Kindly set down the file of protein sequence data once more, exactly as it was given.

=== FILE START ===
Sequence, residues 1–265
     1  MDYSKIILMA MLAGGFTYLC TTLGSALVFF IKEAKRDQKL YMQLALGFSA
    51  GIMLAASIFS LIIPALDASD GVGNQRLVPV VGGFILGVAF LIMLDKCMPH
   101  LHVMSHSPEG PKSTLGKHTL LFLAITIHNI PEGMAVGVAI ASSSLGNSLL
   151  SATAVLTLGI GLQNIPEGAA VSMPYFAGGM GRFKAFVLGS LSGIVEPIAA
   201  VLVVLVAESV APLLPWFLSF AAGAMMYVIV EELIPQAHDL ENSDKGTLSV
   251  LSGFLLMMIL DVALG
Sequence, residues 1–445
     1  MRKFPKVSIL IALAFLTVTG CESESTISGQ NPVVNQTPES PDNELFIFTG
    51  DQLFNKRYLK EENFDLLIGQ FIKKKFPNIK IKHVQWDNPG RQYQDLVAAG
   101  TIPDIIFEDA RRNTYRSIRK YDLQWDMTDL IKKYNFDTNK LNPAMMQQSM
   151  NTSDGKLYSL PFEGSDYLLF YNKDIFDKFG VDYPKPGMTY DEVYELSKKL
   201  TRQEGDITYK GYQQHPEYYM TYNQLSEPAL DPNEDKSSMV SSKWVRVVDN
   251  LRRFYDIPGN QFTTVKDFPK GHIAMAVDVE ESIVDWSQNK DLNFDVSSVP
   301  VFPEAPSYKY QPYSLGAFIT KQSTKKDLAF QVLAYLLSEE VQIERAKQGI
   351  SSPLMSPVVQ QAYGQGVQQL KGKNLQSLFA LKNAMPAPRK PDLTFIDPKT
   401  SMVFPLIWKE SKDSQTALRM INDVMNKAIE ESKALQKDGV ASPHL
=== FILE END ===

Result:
Sequence, residues 1–265
     1  MDYSKIILMA MLAGGFTYLC TTLGSALVFF IKEAKRDQKL YMQLALGFSA
    51  GIMLAASIFS LIIPALDASD GVGNQRLVPV VGGFILGVAF LIMLDKCMPH
   101  LHVMSHSPEG PKSTLGKHTL LFLAITIHNI PEGMAVGVAI ASSSLGNSLL
   151  SATAVLTLGI GLQNIPEGAA VSMPYFAGGM GRFKAFVLGS LSGIVEPIAA
   201  VLVVLVAESV APLLPWFLSF AAGAMMYVIV EELIPQAHDL ENSDKGTLSV
   251  LSGFLLMMIL DVALG
Sequence, residues 1–445
     1  MRKFPKVSIL IALAFLTVTG CESESTISGQ NPVVNQTPES PDNELFIFTG
    51  DQLFNKRYLK EENFDLLIGQ FIKKKFPNIK IKHVQWDNPG RQYQDLVAAG
   101  TIPDIIFEDA RRNTYRSIRK YDLQWDMTDL IKKYNFDTNK LNPAMMQQSM
   151  NTSDGKLYSL PFEGSDYLLF YNKDIFDKFG VDYPKPGMTY DEVYELSKKL
   201  TRQEGDITYK GYQQHPEYYM TYNQLSEPAL DPNEDKSSMV SSKWVRVVDN
   251  LRRFYDIPGN QFTTVKDFPK GHIAMAVDVE ESIVDWSQNK DLNFDVSSVP
   301  VFPEAPSYKY QPYSLGAFIT KQSTKKDLAF QVLAYLLSEE VQIERAKQGI
   351  SSPLMSPVVQ QAYGQGVQQL KGKNLQSLFA LKNAMPAPRK PDLTFIDPKT
   401  SMVFPLIWKE SKDSQTALRM INDVMNKAIE ESKALQKDGV ASPHL